Associated Electrical Industries

Established in 1928, Associated Electrical Industries (or A.E.I) was a British holding company that resulted from a merge between electrical engineering firms British Thomson-Houston, and Metropolitan Vickers. A.E.I was acquired by British G.E.C in 1967. A.E.I through BT-H was a major shareholder and co-founder of E.L.M.A

British Thomson-Houston

Also known as BT-H, British Thomson-Houston (initailly a subsiduary of American G.E.) was a heavy industrial and electrical engineering corporation based in Rugby, UK. In relation to lamp production, BT-H owned the licensing to MAZDA lamps, and was a major shareholder and co-founder of E.L.M.A. The company, together with Metropolitan-Vickers, were acquired by A.E.I in 1928.


An acronym for “Electric Lamp Manufacturers (of) Australia Pty. Ltd.” E.L.M.A was Australia’s largest manufacturer of lamps, beginning operations in 1931 until it’s closure in 2002. It can also refer to the association between the shareholding companies, where the letter ‘A’ denotes ‘Association’. This would be referred to as ‘The ELectric Lamp Manufacturers Association of Great Britain’

General Electric Company PLC

General Electric Company plc, (or G.E.C) was a British major corporation involved with multiple industrial and engineering developments. It is believed that G.E.C began as an electrical wholesale distribution company in 1886, and had been involved in numerous acquisitions and mergers before being absorbed by and renamed to Marconi plc in 1999. G.E.C played a major role in the founding of E.L.M.A.


General Lighting Service. Basically light globes intended to be operated under normal operating conditions such as household and commercial applications.


In many aspects similar to BT-H, Metropolitan Vickers (also known as ‘Metrovick’) was a British industrial and electrical engineering firm. The details of the many wartime complex mergers are beyond the scope of this website, however both Metrovick and BT-H were merged to form A.E.I in 1928.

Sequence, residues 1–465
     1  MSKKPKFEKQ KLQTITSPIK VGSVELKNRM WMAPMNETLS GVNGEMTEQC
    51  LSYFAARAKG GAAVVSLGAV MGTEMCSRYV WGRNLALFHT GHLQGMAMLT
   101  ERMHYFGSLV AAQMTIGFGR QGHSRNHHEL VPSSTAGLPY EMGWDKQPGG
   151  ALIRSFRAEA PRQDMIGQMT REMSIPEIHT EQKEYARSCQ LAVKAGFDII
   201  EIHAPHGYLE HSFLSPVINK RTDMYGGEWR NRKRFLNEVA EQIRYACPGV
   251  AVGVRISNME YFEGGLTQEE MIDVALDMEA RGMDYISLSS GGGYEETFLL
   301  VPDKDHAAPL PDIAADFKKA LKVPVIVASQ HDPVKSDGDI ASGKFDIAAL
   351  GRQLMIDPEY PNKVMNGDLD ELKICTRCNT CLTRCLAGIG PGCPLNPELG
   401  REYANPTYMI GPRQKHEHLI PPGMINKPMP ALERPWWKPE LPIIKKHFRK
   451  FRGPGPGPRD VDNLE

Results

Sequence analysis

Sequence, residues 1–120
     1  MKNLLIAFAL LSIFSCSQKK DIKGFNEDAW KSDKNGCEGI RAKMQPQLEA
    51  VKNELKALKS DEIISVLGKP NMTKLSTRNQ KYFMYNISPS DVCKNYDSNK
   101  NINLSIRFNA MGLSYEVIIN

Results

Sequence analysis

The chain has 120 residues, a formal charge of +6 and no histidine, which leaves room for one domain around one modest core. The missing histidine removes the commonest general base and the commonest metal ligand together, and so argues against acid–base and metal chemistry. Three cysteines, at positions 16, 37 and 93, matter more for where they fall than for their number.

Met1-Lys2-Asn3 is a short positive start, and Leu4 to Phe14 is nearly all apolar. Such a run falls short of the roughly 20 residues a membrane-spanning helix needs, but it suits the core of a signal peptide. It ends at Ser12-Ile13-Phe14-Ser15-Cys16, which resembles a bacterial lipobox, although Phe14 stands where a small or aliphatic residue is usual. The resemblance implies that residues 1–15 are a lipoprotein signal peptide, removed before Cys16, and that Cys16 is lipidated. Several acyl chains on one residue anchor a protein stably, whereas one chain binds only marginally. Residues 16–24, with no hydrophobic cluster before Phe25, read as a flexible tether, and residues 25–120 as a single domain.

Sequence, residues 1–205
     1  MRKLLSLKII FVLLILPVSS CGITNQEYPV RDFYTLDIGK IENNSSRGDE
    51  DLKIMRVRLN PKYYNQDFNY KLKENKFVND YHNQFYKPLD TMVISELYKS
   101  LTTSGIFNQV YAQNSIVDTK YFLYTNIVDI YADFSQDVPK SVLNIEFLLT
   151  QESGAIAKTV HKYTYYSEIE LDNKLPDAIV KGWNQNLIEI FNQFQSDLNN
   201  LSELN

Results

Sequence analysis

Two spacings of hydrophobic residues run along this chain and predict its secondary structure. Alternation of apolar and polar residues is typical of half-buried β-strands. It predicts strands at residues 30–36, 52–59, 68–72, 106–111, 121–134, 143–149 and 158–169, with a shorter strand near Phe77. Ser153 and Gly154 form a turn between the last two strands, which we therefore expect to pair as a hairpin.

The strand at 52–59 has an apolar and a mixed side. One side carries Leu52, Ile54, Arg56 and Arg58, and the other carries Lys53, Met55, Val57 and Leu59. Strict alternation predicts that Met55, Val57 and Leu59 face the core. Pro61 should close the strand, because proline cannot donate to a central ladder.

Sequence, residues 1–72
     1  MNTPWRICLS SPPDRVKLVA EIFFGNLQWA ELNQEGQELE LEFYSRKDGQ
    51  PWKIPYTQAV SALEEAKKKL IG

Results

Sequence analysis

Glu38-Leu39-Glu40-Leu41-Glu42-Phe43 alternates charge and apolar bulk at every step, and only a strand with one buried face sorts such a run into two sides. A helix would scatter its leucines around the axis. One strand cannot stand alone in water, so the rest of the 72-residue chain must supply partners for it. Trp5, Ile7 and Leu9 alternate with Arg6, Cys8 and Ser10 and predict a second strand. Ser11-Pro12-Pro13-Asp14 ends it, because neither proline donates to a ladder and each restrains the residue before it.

In terms of lamps and globes bearing R.C denotes the lamp has been manufactured as ‘Rigid Construction’. These types of lamps had special filament support and envelope construction, and were intended for use under extreme environmental conditions such as vibration and temperature. R.C. lamps were often chosen for applications where reliability was critical, such as traffic lights, train signals etc.


An acronym for the Tamworth Power Station Museum, located in New South Wales. A place of national interest which aims to conserve historic Australian electrical products of which lighting and lamps are an integral part. Tamworth was the first Australian city to installed electrically powered street lighting on the 8th November, 1888. For this reason, Tamworth is often referred to as ‘The city of light’.


2 thoughts on “Glossary

  1. Blake Carlin Post author

    Hello Jim, nice to hear from you

    The only beehive wire lamps I have seen are Osglim branded. Going by your description, I think your Metrovick lamp is very similar. These were used as a night light if memory serves correctly. I would say the gas would be a Neon / Argon mix. It would glow a red/orange colour. Sounds like a lovely old lamp!

  2. Jim de Necker

    i have an old-looking lamp / globe in original box marked:
    Cosmos Lamps are made in England by Metropolitan -Vickers .
    Cosmos gasfilled Lamp beehive volts 230-240 cap BC
    It seems to be some sort of incandescent lighting lamp
    The beehive wire is heavy-gauge with a disc at the bottom
    It also seems to have never been used
    What is this for, why gas-filled, why beehive?


    Jim de Necker
    Cape Town
    South Africa

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